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Fire budget cuts could have real consequences

I'm writing this letter to express my view and to inform the citizens of Forest Grove of the real need to pass the Public Safety Levy on May 15.

I have been a volunteer fire fighter for the Forest Grove Fire and Rescue Department for seven years. I have personally seen how very important the career and volunteer fire fighting staffs are to the citizens of Forest Grove.

The possible loss of firefighter/paramedics from the career staff would be devastating to the citizens of Forest Grove along with the volunteer staff.

There are a number of times during the day-to-day operations of the fire department, that multiple emergency calls come in to the department requiring immediate response.

These calls range from possible heart attacks to a sick person that can be life-threatening or non-life threatening depending on the immediate actions taken by first responders/emergency medical technicians, who are usually paramedics.

If we were to lose personnel from the career staff due to the failing of the public safety levy, we would reduce the ability for the career staff to immediately handle multiple emergency calls. This would mean that the next call would fall on the volunteer staff to cover.

The Forest Grove Fire and Rescue volunteer staff are highly trained first-responders and EMTs (we perform and are required to pass the same tests as all board certified EMTs) but we are not as efficient as the career staff that do this every day.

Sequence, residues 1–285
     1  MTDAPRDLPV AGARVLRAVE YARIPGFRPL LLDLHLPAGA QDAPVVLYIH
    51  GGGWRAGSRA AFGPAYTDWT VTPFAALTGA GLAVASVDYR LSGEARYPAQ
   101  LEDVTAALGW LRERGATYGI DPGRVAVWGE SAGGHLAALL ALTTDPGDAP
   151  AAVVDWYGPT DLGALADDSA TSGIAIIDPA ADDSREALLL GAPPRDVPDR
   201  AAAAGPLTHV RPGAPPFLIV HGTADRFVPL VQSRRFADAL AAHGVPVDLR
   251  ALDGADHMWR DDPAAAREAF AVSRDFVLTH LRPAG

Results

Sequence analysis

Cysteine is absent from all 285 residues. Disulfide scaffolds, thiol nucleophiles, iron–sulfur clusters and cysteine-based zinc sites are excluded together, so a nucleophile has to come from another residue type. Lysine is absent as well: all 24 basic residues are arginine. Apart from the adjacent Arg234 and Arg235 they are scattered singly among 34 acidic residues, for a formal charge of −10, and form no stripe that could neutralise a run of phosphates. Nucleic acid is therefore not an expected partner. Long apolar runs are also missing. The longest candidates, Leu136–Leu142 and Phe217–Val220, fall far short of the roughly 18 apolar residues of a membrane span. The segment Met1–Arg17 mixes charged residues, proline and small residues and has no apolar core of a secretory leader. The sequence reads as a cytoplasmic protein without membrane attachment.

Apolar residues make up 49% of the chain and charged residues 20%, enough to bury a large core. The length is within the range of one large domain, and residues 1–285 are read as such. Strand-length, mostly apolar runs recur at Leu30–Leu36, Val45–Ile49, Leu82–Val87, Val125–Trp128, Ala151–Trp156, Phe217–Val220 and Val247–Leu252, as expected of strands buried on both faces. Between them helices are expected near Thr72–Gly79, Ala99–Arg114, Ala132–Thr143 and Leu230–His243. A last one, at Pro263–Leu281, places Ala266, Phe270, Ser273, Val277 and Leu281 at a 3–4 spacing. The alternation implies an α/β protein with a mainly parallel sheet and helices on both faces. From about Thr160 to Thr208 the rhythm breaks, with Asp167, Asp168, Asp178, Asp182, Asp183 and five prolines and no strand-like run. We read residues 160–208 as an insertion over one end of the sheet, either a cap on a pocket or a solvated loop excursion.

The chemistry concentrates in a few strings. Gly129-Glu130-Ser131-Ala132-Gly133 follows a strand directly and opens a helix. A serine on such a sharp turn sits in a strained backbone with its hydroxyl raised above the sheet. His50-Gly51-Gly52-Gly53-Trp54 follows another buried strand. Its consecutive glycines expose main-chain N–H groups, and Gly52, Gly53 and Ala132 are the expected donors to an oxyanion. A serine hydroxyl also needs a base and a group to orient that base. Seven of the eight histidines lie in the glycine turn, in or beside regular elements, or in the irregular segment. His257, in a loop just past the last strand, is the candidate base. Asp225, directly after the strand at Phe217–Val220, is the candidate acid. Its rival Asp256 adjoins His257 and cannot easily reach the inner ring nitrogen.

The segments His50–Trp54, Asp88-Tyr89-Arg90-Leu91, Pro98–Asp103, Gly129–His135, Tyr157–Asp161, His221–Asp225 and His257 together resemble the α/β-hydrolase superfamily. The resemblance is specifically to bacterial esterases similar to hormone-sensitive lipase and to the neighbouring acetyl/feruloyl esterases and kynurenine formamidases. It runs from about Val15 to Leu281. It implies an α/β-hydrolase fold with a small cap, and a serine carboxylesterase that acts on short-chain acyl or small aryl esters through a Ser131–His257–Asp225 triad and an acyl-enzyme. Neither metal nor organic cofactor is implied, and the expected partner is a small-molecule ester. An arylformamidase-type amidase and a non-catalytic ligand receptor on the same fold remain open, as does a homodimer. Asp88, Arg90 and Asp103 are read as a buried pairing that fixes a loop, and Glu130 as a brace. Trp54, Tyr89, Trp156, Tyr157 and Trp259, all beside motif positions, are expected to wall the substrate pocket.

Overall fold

This means that the failure of the public safety levy will impact you as the citizens of the City of Forest Grove.

As a citizen with an emergency, you may have to wait for the vital emergency care to come from me or another of my fellow volunteer fire fighting/emergency staff.

We will have to be paged at home or work, report to the fire station, put on our protective equipment, get on the fire apparatus and respond to your location .

The time that you have to wait could mean the matter of life or death, depending on your situation. You may say, 'Well, an ambulance would be on its way as well.'

This is correct, but let's keep in mind the closest ambulance probably went to the first emergency call that the career staff are currently on (which is why the volunteer staff are called in to respond to your call). The next ambulance could be coming from anywhere in Washington County.

The fire department and staff (career and volunteers) rely very heavily on the career paramedic staff to provide the continuing education to help keep skills necessary to perform at a high degree of proficiency required to provide emergency professional care on-scene.

If we (I live in this town also) lose two of our career paramedics, this could greatly affect the continuing education we as first-responders and EMTs need to continue to provide the needed and vital life-threatening emergency care to the citizens of Forest Grove.

This is why I ask that you carefully consider this information when you cast your vote for the fire safety levy. You may be that second or third emergency call.

Jeffrey O. Bade is a volunteer fire fighter/EMT in Forest Grove.